Biracial Families: Just when you thought you made a difference…
When I first started my professional career I was under the assumption that college made you more culturally sensitive, after all, didn’t everybody take Sociology 101? What I soon found out was, spending $40,000 on a degree does not guarantee that you will be able to conduct yourself professionally without still bringing your prejudices into the workplace.
For years when my colleagues would talk about biracial children in the program, they were consistently referred to as black. I would always interject, “Black? But isn’t the mom/dad white?” Some of them would roll their eyes and say, “Well yeah, but you know what I mean.” Actually, I did know what they meant. Ever since I started dating my husband in 1994 I’ve had to listen to stupid comments all the time about race and identity.
One time when I was visibly pregnant, and walking with my husband in the mall, two ignorant white folks walked past us and one of them said, “Hey look, there must be some salt and pepper going on in there!” On another occasion I had to hear a neighbor remark that I should not be so concerned with the cleanliness of his place, when I’m the one breeding “N******.”
As with anything, you learn to move on and you learn to grow a thick skin.
However, it was having to use this thick skin in a professional setting that hurt me the most. I had expected that professionals, especially those working with children of special needs, would not have the same prejudices and narrow minds as the rest of the world. I was wrong. I got into many debates about identity, the “one drop rule,” and who my children would eventually date. But with hard work and persistent dedication I was eventually able to convince them that biracial children have a right to be who they are and that multicultural parents do not deserve to be divorced from their child simply because they don’t look like them.
I’m happy to report that I have accomplished the opening of their eyes within our workplace, but just when I thought I was making a difference…something else happened…
I was at a conference in a large city with my colleagues and we were taking in an evening of fine dining and shopping. It was just the girls, talking about husbands, kids and daily life. As we were walking three young males (who happened to be black) walked by us. They had their pants hanging extremely low, and their underwear was showing. I didn’t think much of it, but my colleague remarked to me, “Hey, don’t let your boys dress like that when they get older.” She said it so simply and carefree, that I felt like she punched me in the gut.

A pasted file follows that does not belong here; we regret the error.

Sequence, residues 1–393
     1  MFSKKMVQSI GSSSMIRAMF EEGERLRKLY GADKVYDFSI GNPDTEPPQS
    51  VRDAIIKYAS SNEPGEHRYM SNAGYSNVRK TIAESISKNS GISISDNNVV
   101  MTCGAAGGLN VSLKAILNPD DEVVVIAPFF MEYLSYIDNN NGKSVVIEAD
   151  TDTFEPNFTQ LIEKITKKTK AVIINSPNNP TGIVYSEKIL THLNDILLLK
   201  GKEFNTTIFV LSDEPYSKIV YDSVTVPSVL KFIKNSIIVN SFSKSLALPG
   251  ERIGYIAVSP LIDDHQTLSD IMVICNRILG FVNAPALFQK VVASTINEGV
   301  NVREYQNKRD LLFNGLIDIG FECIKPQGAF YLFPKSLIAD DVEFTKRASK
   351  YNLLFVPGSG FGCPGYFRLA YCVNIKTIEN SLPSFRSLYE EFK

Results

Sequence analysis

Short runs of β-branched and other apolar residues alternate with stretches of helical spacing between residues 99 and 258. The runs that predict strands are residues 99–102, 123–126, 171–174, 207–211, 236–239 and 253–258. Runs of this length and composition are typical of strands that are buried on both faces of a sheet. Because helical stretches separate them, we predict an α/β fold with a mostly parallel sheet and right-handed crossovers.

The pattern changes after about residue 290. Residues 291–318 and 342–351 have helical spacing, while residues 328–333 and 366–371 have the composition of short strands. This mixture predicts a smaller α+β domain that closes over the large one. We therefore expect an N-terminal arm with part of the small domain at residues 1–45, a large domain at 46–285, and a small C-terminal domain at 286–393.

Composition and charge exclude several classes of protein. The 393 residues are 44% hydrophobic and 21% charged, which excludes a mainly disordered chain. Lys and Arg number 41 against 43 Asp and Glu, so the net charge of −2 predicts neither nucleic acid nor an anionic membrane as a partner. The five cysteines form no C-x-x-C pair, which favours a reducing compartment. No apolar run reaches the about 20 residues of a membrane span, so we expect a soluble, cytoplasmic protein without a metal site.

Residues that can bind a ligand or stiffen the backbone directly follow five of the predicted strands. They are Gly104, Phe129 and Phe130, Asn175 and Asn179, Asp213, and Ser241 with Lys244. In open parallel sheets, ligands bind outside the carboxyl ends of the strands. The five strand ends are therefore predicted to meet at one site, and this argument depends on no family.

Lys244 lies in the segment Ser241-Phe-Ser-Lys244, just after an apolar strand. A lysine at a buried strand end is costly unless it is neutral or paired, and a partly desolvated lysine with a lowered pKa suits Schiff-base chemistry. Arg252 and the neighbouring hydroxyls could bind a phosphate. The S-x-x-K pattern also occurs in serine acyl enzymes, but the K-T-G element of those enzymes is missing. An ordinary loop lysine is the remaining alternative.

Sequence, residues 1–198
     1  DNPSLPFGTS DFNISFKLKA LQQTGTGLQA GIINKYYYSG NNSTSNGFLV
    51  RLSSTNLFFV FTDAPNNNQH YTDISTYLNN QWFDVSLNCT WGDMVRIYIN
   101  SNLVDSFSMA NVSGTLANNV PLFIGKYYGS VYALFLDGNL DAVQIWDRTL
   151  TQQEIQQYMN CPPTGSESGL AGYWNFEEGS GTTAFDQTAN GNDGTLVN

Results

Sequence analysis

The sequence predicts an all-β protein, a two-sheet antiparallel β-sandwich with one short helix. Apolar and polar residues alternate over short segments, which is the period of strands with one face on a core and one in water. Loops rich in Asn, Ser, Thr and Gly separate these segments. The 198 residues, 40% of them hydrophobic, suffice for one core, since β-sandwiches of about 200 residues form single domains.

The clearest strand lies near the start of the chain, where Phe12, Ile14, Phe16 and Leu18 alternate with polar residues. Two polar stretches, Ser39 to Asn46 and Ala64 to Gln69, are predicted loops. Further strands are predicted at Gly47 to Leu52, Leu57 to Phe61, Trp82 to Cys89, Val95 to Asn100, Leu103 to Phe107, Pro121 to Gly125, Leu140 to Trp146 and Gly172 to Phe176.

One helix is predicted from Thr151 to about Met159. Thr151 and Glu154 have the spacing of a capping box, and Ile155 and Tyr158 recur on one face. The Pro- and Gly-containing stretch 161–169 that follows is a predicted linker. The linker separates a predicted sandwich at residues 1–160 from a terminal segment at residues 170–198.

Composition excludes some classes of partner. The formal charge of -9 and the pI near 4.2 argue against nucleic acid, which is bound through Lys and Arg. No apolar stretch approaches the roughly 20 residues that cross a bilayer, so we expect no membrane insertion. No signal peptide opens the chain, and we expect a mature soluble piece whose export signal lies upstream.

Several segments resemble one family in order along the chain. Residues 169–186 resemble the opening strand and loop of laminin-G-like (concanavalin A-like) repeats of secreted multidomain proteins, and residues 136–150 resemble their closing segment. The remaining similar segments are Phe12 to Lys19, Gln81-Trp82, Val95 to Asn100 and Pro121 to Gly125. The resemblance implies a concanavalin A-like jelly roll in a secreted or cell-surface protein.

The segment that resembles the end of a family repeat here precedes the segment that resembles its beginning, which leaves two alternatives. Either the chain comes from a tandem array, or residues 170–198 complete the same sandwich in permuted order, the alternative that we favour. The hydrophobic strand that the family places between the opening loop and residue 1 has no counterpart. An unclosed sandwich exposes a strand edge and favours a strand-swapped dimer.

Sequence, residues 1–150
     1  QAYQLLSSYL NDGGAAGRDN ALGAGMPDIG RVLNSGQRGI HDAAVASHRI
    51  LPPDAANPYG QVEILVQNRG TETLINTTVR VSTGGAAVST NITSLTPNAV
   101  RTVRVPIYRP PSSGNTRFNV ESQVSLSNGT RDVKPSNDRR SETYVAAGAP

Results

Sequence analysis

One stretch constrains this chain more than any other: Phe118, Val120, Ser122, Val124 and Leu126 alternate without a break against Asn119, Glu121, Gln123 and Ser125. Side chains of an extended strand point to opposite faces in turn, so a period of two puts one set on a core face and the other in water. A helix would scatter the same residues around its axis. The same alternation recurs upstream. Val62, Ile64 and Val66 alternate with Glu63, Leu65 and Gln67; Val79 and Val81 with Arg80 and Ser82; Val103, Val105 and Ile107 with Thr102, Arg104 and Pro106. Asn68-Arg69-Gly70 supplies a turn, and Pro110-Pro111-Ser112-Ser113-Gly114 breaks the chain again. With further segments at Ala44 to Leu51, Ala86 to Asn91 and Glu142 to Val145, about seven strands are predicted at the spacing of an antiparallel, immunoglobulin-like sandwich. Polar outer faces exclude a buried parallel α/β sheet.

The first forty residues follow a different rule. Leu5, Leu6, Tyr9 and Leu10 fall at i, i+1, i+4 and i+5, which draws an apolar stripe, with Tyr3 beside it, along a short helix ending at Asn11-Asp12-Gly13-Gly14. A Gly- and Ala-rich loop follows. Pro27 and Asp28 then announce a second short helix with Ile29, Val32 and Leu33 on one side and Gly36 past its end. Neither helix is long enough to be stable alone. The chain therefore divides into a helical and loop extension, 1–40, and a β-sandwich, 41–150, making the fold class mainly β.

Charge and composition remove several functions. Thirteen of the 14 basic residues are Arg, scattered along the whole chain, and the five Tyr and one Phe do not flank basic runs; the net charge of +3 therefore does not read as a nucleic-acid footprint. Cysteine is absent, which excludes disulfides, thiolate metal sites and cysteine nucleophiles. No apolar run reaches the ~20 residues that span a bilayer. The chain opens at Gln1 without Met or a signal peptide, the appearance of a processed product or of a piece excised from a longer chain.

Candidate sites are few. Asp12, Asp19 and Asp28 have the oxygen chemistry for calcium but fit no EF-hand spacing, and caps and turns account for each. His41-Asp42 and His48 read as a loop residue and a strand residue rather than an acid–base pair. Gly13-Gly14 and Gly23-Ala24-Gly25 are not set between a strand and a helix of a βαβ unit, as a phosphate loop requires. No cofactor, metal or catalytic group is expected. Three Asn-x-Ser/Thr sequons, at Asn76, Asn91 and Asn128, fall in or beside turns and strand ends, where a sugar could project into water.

I asked her, “Why in the world would you say that to me? You said that to me because my husband is black and my children have a black father.” To which she replied, “No, I would have said that to anyone who has boys.” I replied, “No you would not have.” I told her that she wouldn’t have given me this same warning if I was a white woman with a white husband and two boys, and she wouldn’t have.
I thought that after all these years of proving to everyone that our family is not unlike theirs, that things would be different, but I was wrong.
But my family is unlike hers.
She does not have to fight off every negative black stereotype there is. (Despite the fact that a lot of urban youth wear their pants low, it remains a black stereotype). She does not have to be hurt when someone who doesn’t know that she has a black husband, makes a racial comment to her. Her white privilege gives her the ability to simply not need to go beyond the color lines and see the three young boys for who they might be; creative and innovative scholars. Her white privilege gives her the ability to not see me as her equal. Despite the fact that we do the same job, have the same passion, and share many interest, we are not equal. My children will always have to be one step ahead of hers. They will consistently and constantly have to prove that they should not be boxed in. My family will never fit neatly into one category, and although she might see that as a negative, I will always see that as positive.
Harriett Bailey - “Harriett” is a mother of two boys. She is married to her husband of 18 years. She is an Intervention Specialist for children with special needs. She loves history, her Catholic faith and her family.